By law, use of restricted pesticides is limited to licensed applicators. If producers don't want to go through the bother of becoming licensed, then they have no choice but to hire custom applicators.


Strong incentives to encourage adoption
Such applicators need to be given strong incentives to adopt BMPs and to reduce the overall impact of both their practices and the chemicals they apply. The issue, however, is not entirely related to regulations. Labour costs are increasing, which makes management more expensive.

Increased usage in the US
As a consequence, in the United States, at least, there is a rise in the use of custom applicators. For example, custom applicators now apply 50-60% of all pesticides in Iowa. In general, applicators are not committed to BMPs (NRDC 2001). Rather they are often interested in getting through the job as quickly as possible because they are paid by the area sprayed.

Although careful crop rotation can reduce herbicide and fertiliser use, to work effectively it might take three to four crops. The economics of subsidies and the lack of markets for small grains in the United States discourage crop rotation, however (NRDC 2001).

Service packages by custom applicators
Instead, producers are increasingly relying on a package of services provided by custom applicators to reduce the pest problems that result from continuous soybean cultivation or more lucrative soybean and crop rotations. The package includes a rate of pesticide application per hectare as determined by the applicator but also based on manufacturer recommendations. These recommendations are notoriously high.

Integrated pest management practices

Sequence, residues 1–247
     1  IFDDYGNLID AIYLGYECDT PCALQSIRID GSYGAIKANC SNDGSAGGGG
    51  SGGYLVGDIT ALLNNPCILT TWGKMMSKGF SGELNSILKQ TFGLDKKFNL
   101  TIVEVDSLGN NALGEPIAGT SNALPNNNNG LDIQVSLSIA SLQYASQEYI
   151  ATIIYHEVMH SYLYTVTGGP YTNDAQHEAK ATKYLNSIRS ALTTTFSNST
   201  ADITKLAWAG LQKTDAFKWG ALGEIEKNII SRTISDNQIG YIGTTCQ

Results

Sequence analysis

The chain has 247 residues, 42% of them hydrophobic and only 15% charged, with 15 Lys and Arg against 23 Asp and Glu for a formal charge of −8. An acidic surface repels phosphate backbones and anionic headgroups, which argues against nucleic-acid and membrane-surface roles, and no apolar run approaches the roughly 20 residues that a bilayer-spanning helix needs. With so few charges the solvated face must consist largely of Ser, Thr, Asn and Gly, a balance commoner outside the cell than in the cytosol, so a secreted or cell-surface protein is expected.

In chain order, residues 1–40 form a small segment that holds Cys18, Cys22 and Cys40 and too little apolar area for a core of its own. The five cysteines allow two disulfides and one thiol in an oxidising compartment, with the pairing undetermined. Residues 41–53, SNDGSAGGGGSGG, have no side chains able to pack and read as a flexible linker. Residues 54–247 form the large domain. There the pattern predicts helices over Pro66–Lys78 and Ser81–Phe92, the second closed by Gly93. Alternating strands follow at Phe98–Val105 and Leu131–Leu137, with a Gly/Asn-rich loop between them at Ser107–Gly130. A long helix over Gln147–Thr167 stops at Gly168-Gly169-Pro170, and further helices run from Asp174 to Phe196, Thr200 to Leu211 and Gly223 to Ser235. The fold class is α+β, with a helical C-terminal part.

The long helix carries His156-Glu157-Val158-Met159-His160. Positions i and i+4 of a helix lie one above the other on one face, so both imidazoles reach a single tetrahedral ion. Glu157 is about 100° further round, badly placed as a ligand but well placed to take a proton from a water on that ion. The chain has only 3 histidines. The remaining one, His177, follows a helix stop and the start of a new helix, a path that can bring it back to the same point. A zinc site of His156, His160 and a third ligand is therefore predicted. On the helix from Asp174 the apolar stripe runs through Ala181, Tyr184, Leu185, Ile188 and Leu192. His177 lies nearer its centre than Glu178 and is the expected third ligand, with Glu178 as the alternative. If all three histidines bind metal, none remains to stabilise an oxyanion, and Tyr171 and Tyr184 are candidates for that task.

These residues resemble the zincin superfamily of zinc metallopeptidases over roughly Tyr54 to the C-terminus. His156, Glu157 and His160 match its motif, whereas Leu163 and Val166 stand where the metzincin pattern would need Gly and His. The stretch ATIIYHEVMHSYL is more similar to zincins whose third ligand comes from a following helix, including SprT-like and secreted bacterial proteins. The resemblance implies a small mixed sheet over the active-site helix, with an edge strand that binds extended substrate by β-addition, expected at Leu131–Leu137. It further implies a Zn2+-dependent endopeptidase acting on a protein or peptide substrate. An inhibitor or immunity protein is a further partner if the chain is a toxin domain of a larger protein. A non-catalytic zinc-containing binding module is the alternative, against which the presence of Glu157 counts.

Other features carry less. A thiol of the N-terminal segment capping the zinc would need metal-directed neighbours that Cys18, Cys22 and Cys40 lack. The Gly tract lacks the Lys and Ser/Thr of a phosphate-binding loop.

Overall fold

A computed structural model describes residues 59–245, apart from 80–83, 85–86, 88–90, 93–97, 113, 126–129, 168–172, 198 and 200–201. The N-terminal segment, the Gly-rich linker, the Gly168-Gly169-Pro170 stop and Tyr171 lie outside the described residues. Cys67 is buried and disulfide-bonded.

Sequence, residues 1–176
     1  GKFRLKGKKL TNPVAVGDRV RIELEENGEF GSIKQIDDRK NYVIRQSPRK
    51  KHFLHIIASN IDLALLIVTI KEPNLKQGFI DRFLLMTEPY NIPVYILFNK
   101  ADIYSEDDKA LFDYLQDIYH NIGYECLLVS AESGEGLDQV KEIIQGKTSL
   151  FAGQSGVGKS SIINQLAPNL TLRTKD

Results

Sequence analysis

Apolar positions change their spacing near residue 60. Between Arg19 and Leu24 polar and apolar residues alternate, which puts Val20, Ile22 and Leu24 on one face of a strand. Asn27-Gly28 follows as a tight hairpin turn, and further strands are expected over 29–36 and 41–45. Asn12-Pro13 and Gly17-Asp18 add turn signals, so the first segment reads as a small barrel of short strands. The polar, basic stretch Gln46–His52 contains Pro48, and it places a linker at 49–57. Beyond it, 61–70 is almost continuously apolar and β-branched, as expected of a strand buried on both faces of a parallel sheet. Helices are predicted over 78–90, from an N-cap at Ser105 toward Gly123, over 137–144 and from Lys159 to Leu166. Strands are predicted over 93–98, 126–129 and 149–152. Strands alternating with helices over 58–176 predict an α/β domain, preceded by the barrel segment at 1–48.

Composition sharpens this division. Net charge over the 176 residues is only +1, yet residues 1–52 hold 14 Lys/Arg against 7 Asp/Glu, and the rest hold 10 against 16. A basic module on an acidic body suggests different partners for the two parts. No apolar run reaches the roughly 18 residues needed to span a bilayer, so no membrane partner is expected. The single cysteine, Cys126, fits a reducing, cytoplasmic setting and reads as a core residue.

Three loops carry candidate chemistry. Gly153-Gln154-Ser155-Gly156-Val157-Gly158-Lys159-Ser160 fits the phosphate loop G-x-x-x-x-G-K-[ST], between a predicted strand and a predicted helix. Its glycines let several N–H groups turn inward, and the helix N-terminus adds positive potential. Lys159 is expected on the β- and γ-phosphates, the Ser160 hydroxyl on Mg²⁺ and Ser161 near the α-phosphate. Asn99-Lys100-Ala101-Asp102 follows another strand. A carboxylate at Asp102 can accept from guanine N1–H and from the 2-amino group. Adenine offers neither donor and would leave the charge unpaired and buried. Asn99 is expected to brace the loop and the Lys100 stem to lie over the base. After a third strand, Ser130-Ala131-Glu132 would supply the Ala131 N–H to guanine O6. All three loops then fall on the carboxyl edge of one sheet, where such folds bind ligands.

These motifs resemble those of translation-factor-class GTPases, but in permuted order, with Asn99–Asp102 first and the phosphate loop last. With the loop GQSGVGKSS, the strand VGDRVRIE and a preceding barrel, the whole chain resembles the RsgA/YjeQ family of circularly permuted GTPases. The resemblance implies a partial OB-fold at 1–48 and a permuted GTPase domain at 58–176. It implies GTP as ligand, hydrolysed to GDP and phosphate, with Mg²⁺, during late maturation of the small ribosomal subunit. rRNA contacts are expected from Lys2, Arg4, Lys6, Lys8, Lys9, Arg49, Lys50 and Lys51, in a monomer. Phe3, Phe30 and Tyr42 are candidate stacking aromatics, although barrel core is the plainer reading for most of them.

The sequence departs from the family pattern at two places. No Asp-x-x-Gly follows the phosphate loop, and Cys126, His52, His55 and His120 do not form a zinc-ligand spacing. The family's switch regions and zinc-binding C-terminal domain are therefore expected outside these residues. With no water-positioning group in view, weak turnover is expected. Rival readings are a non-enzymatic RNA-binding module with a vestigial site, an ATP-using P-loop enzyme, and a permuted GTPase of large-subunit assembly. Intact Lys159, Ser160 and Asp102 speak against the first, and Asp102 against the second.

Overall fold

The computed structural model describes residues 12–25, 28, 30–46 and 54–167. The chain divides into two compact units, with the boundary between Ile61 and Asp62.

In Iowa, the state's extension service has shown producers that insecticide rates could be reduced by 50-75% through integrated pest management (IPM) practices (NRDC 2001). Producers and custom applicators will reduce application rates based on their own or a trusted source's experience. However, both will be concerned about potential liability for a damaged or unprotected crop. Producers will only adopt BMPs such as IPM if they believe that they will result in a good crop with undue pest problems and an average or better yield.

The importance of custom applicators
Custom applicators provide services on a wide range of issues from financing to delivering the crop to market. Because they are increasingly part of the application of various inputs, they must be involved in the development of viable reduction strategies.

Custom applicators are trusted by producers. It is assumed that they have the latest information and research results, are well-trained, and have the latest equipment that is dedicated to the task. In general, custom applicators will incorporate BMPs into their programs if they perform well for the producers and thus do not threaten the reputation of the applicator (NRDC 2001).

Credits

Extracts from "World Agriculture & Environment" by Jason Clay - buy the book online from Island Press